Dropping a ski pole, a glove or even a ski (or two!) from a lift is not so damaging to environment. But some skiers and boarders carelessly discard countless items of garbage on the slopes, leaving clean-up operations in springtime.
Next time you walk around ski trails in the spring, take a look underneath a chairlift once the snow has melted and you will realize what we mean by environmental damages. Cigarette butts, sweet and chocolate wraps, fruit remnants and items of clothing trace the line of the cables up the mountain. It has been estimates that as many as 30,000 cigarette butts are dropped under each chair lift during the season in the Alps… Such pollution has a direct impact on tourism and the local population, but it also pollutes the ground, the water and is dangerous to wildlife, damaging the mountain ecosystem which is already fragile as it is.
Some items found on the slopes can take a very long time to decompose. Here are a few examples of common items collected:
– Cigarette butts take from 3 to 15 years to decompose.
– Chewing gum takes 2 to 5 years to decompose.
– Packaging paper takes 100 to 450 years to decompose.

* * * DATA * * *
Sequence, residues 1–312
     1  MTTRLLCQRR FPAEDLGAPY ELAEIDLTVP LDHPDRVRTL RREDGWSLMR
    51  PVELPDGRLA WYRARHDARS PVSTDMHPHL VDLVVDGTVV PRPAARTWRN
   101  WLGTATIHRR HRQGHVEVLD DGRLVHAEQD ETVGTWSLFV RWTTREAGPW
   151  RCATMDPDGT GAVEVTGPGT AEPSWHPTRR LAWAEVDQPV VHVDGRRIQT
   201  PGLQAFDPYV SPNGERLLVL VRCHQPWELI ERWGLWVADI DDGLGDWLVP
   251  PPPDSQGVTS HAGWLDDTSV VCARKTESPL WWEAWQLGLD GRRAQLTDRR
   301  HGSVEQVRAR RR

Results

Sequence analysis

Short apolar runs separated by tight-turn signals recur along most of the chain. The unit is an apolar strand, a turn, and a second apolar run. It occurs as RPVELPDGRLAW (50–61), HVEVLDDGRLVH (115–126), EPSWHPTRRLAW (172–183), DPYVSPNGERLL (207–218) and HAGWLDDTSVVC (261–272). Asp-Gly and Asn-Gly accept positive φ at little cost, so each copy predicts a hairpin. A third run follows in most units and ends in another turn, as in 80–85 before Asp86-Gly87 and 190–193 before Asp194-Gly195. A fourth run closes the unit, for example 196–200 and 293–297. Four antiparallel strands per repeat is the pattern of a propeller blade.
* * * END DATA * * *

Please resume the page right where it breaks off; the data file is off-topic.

– Paper from lift pass takes 100 to 450 years to decompose.
– Banana peels take about 6 months to decompose.
– Plastic bags take 10 to 20 years to decompose.
– Aluminum cans take from 100 to 500 years to decompose.
– Plastic bottle: 100 to 1000 years
– Glass bottles take about 4000 years to decompose
Clean up campaigns by ski resorts or organizations are now large events where volunteers come from far to contribute to environmental protection and awareness. Such events take place across resorts in Europe, North America and Asia with organizations running litter collection events throughout the summer across many resorts in across the Alps.
So, let’s not wait for Spring Clean Up campaigns… act now! Do not drop litter from ski lifts and if you are visiting by car take your rubbish out of resort and recycle it down the mountain where facilities are better. Take a bag with you and pick up any litter you find lying around when skiing, boarding, ski touring or just walking in the mountains.